When choosing lampshades, cushions, furniture, or  re-decorating rooms, often we choose colours that ‘feel right’ without ever realising why.

Colour has a powerful impact on our moods and our emotional wellbeing. This psychological effect may possibly stem from the time when man could first understand what colour actually meant (for example, clear blue skies indicated tranquillity in the weather, the orange and red of fire signified danger). Put simply, colour has, and always will be, nature’s way for us to assess our immediate environment.

When it comes to preferring colours for our own interiors, our choices are often a result of these primitive responses or even deep rooted childhood memories.

So what are the psychological effects of different colours?

Green has a calming, restful and protective effect. It is the colour of nature and promotes harmony. As it can steady the nerves, it is a good choice for areas where high stress levels may occur (e.g. the office or medical waiting rooms). However, combine green with a high proportion of yellow, and a feeling of nausea can be induced, hence this form of green should be avoided where calming influences are required.

Blue encourages tranquillity, reflective moods and intellectual studying. It can also feel authoritative. It has the ability to create a feeling of space although it can appear chilly if used in North facing rooms.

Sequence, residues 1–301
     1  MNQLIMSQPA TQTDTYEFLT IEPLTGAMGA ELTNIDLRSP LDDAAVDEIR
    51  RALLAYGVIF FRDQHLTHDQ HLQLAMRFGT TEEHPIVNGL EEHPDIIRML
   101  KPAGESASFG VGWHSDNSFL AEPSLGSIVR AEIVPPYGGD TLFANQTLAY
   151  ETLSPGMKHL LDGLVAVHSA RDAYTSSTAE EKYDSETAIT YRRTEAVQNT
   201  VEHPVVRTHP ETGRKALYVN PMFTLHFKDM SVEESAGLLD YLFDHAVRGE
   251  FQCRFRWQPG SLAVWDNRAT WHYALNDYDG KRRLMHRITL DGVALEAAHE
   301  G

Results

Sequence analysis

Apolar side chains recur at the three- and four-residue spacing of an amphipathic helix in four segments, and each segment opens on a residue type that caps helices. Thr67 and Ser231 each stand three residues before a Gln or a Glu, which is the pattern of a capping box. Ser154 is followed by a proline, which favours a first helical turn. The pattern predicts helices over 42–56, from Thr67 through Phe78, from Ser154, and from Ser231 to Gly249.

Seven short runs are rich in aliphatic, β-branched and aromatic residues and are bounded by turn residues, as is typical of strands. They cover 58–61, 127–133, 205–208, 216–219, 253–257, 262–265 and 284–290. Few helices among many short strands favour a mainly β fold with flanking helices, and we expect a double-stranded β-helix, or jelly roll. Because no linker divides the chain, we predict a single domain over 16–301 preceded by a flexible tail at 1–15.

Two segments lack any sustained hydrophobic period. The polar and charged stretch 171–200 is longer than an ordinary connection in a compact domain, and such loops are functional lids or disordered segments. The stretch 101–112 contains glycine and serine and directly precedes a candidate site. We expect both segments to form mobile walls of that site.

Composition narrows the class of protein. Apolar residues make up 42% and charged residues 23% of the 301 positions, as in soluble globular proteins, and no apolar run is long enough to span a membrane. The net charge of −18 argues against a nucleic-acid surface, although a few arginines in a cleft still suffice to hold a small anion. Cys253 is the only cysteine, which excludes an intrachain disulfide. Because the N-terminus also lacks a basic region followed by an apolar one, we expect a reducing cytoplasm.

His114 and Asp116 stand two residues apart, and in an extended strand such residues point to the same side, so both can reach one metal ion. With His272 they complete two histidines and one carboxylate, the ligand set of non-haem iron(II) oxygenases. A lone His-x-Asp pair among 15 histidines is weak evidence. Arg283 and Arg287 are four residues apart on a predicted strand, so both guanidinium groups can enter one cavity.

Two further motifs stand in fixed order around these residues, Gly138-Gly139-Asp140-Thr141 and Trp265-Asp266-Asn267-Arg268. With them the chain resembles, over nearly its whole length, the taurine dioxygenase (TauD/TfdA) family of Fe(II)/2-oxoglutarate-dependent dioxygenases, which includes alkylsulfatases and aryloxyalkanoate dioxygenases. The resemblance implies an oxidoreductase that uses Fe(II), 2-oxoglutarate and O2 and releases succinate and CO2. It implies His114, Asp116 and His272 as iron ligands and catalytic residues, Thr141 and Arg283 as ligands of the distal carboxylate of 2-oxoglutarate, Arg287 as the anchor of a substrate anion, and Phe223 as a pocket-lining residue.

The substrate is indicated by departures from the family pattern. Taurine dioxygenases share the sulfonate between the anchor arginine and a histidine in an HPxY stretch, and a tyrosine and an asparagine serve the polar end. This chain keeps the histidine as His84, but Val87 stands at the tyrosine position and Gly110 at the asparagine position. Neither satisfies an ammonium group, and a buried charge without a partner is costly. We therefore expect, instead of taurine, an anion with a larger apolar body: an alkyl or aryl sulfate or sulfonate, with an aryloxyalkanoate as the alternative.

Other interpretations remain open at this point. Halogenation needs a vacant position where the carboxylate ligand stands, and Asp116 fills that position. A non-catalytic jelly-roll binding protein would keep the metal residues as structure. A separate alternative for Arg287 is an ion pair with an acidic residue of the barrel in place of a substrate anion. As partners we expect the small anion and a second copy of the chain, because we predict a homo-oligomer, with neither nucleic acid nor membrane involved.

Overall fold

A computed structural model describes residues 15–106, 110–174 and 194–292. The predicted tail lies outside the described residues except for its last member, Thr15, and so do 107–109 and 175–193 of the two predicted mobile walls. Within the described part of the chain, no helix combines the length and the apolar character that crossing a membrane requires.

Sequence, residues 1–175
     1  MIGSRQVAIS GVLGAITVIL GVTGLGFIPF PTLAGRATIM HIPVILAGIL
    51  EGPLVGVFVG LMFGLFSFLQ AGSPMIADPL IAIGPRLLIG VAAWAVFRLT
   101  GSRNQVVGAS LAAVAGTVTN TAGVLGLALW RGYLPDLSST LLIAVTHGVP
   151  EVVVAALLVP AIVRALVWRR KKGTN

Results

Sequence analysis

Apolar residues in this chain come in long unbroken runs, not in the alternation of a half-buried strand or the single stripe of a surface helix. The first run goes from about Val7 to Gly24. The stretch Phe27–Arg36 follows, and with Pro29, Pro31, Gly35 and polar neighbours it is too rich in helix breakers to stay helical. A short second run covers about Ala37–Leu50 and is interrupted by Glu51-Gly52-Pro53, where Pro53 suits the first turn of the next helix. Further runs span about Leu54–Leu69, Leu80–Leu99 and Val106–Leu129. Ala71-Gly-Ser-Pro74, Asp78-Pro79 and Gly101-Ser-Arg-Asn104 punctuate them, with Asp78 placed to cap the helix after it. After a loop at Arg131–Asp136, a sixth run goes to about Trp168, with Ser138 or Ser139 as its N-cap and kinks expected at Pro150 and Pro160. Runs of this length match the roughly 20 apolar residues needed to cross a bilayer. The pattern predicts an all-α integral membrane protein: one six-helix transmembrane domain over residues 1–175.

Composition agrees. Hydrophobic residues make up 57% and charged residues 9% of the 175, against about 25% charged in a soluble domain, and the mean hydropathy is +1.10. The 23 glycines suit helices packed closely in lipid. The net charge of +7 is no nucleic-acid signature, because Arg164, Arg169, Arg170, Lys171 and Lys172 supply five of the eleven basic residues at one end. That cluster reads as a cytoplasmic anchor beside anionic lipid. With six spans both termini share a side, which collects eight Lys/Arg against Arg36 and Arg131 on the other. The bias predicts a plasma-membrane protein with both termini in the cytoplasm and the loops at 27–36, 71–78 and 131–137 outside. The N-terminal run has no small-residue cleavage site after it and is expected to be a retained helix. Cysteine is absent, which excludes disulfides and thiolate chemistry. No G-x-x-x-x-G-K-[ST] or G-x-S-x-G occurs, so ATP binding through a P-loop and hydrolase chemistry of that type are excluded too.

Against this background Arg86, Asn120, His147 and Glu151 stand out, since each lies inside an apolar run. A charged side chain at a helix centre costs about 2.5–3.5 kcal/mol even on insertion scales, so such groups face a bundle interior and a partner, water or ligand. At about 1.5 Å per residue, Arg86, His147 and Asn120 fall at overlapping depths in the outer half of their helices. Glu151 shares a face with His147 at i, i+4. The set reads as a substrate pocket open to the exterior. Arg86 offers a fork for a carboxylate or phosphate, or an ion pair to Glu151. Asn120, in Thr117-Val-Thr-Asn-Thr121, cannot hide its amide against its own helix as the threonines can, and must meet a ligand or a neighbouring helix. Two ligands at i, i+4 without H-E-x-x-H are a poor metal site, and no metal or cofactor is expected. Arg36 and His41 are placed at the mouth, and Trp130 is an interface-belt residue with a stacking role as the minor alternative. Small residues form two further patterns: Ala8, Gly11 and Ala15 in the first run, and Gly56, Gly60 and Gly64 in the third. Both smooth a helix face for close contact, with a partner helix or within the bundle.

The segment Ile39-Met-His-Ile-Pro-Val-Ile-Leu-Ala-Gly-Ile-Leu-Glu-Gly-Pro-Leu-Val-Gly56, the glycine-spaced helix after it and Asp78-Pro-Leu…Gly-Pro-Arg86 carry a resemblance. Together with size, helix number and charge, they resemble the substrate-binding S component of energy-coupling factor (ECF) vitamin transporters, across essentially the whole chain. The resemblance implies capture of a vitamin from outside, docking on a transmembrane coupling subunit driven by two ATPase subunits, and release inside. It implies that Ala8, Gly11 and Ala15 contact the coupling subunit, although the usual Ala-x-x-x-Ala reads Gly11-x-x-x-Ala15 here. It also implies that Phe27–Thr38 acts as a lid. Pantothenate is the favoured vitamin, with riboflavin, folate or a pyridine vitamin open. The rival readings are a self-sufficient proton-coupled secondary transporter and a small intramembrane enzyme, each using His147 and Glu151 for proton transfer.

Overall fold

Red indicates danger, but also encourages lively social interaction and excitement. It can flatter the skin and stimulate the appetite and thus is often a colour used in restaurants. In some people it can create an aggressive mood and because it can also be stimulative, it is best avoided in young children’s bedrooms.

Yellow is associated with sunshine and warmth and can lighten up the darkest of areas bringing with it a sense of radiance and contentment. It is a favourite in many UK interiors as it is often used to counteract our Northern light. It suggests energy, optimism and stimulates inspired thought.

Purple is a regal colour that promotes a serene, soothing and dignified environment, particularly when paler shades are used. It can evoke feelings of opulence and reverence although if darker tones are used in larger quantities, it can tire the eye and induce  uneasiness. Patel tints can be romantic.

Orange can encourage feelings of fun, assertiveness, warmth and security. However, it can be overwhelming when used in abundance, and can create a sense of frustration, or give the impression of immaturity.

Pink is a tranquil colour particularly when pastel forms are used. It is associated with all things feminine and induces feelings of peace. Strong pinks can be seen to be frivolous and fun.

Black is the colour of drama and sophistication. It can be used effectively in the interior provided it is not the main hue as it may generate feelings of angst and depression.

White gives the impression of cleanliness and freshness. It creates a spacious and airy environment even in the smallest room.  If used as the main hue it can cause an interior to look rather sterile, so to counteract this, one should introduce different textures and accent colours.

In practice however, interior schemes will usually consist of more than one colour, or different tones of the hue, resulting in a dilution, exaggeration or combination of the effects described.

So next time you are thinking about a spot of re-decorating, take time to think about why you are drawn to a particular colour, and consider whether its psychological effects will benefit you and your scheme.